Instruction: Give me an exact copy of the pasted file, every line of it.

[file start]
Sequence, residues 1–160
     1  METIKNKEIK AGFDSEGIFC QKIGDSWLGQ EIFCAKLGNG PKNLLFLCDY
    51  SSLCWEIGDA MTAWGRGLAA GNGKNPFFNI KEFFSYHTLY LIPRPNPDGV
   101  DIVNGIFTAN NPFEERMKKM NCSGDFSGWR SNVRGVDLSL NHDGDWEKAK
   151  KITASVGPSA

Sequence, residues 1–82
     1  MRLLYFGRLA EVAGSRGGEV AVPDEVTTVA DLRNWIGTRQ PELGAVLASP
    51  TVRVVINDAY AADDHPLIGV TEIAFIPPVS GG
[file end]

Sequence, residues 1–160
     1  METIKNKEIK AGFDSEGIFC QKIGDSWLGQ EIFCAKLGNG PKNLLFLCDY
    51  SSLCWEIGDA MTAWGRGLAA GNGKNPFFNI KEFFSYHTLY LIPRPNPDGV
   101  DIVNGIFTAN NPFEERMKKM NCSGDFSGWR SNVRGVDLSL NHDGDWEKAK
   151  KITASVGPSA

Sequence, residues 1–82
     1  MRLLYFGRLA EVAGSRGGEV AVPDEVTTVA DLRNWIGTRQ PELGAVLASP
    51  TVRVVINDAY AADDHPLIGV TEIAFIPPVS GG